So far this year, there have been eight accidents involving tractor-trailers on Route 24, including an accident a week ago that killed 32-year-old Stephanie Picher of Raynham. Speeders blamed for many of the serious accidents on highway
Truck driver Joe Woodard has more than 2 million commercial miles under his belt over his 35-year career, but one road often stands out – Route 24 in Massachusetts, which is “by far one of the most dangerous highways I’ve ever traveled.”
Other drivers – and several recent accidents – back him up.
So far this year, there have been eight accidents involving tractor-trailers on Route 24, including Monday’s accident that killed 32-year-old Stephanie Picher of Raynham.
Since January, the 41-mile road that stretches from Fall River to Randolph has seen rollovers, jackknifes, lost loads and a massive fire after a truck carrying 11,000 gallons of gasoline crashed and caught fire.
“It’s a horror show. It’s terrible,” said Woodard, 58, of Weymouth, who was sitting in his Stop & Shop truck at the service plaza in Bridgewater recently. “There’s nothing that would surprise me out here.”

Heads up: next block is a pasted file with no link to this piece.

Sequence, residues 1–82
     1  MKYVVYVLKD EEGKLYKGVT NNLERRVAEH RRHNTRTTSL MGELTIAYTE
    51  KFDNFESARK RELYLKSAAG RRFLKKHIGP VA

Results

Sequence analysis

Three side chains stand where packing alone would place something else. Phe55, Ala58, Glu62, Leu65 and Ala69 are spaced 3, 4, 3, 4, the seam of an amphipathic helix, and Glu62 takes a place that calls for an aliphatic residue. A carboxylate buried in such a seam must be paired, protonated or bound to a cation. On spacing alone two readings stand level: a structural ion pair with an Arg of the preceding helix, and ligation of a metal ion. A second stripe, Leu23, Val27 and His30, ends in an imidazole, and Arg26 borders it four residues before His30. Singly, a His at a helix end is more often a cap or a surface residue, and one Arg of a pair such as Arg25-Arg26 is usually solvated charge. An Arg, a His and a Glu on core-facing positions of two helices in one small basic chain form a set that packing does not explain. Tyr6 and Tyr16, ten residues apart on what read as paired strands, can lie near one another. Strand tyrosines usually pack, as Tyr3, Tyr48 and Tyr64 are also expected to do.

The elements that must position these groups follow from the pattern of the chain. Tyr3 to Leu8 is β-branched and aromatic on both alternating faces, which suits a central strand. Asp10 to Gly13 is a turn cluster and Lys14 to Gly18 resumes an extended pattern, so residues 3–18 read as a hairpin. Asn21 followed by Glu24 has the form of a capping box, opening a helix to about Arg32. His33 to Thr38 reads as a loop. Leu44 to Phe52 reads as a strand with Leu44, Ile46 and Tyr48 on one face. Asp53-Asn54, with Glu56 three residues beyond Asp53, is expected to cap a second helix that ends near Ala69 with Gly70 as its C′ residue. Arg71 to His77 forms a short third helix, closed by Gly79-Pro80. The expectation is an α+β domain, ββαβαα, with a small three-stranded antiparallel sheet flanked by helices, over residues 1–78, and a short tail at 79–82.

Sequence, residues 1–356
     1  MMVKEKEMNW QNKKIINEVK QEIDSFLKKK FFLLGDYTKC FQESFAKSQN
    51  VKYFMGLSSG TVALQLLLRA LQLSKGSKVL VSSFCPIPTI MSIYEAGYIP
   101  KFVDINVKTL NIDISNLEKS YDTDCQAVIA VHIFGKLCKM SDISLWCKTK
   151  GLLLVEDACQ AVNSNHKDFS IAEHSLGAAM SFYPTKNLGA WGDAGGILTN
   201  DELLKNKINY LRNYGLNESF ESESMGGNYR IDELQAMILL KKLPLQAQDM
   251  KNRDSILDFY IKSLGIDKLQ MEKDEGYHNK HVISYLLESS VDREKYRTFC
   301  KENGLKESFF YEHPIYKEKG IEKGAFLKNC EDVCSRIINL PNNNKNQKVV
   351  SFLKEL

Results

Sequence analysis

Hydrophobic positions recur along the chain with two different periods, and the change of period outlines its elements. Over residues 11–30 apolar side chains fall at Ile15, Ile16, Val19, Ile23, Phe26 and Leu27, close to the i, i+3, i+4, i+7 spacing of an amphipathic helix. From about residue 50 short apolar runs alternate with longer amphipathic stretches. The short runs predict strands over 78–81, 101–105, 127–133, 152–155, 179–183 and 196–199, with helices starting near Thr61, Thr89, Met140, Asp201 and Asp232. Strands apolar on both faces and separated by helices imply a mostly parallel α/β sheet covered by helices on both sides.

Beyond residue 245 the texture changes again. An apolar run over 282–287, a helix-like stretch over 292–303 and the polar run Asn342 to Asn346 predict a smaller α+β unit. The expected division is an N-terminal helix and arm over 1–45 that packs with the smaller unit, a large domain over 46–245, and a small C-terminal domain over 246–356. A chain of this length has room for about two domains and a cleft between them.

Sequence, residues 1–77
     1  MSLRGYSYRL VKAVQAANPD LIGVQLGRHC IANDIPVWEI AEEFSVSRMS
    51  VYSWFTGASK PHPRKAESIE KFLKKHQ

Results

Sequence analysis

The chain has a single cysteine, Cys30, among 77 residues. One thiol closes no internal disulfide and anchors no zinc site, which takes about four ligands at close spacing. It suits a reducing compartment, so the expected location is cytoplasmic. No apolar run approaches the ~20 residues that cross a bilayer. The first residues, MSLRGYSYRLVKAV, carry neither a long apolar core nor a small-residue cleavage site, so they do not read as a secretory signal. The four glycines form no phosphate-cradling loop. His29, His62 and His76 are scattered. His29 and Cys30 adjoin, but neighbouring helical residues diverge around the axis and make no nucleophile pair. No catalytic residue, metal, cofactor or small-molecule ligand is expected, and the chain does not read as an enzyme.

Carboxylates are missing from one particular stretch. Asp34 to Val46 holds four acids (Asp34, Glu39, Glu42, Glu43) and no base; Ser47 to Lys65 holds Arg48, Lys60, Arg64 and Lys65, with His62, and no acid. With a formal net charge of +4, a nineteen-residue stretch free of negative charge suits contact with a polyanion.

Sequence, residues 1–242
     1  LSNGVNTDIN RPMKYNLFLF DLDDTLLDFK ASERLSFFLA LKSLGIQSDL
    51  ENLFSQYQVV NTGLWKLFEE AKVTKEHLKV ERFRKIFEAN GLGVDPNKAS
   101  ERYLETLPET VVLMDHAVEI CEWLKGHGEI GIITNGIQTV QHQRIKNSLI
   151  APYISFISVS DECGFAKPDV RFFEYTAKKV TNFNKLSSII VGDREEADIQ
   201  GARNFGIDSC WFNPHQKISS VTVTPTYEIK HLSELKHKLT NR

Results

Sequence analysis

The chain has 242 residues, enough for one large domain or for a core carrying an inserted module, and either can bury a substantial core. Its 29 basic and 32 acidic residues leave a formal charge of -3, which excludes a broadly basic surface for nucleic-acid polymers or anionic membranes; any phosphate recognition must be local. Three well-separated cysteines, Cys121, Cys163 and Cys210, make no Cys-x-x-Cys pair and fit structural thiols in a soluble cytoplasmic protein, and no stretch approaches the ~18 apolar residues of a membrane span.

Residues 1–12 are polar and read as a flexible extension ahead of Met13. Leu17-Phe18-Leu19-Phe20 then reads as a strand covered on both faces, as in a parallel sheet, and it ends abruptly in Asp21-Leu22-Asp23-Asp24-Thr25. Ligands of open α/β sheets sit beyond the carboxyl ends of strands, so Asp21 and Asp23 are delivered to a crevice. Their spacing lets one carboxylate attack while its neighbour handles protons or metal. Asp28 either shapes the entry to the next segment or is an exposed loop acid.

The roadway has been the scene of dozens of accidents the past two years, prompting a crackdown in the summer of 2012.
But why is it so bad? Woodard said you can’t always blame the road.
Woodard, who has driven all over the country, said motorists drive more aggressively on Route 24 than in other parts of the state, which is a main reason for the accidents.
“Speed is the biggest factor. The cars are speeding down the highway. People aren’t paying attention. They’re texting, they’re talking on their phones. And then they get into a situation where they can’t react fast enough to avoid it,” he said.
Jim Parker, owner of the Parker Professional Driving School in Avon, said he tells his students to be weary of how fast drivers travel on Route 24, which is not a federally designated roadway because of its imperfect design.
“One of our trucks will be doing 55 to 60 and people are going by you like you’re parked,” Parker said. “I think that they travel too fast down Route 24. We explain excessively that you could be the best driver in the world but it’s the people around you.”
Russ Hussey, 59, of Swansea, is not a truck driver and said he drives down Route 24 once or twice a week for work.
“Today (in the afternoon) you could go out there and drive 75 if you want. In the morning or coming home you have to drive 75. You have to drive with the traffic and that’s what the traffic is going,” Hussey said.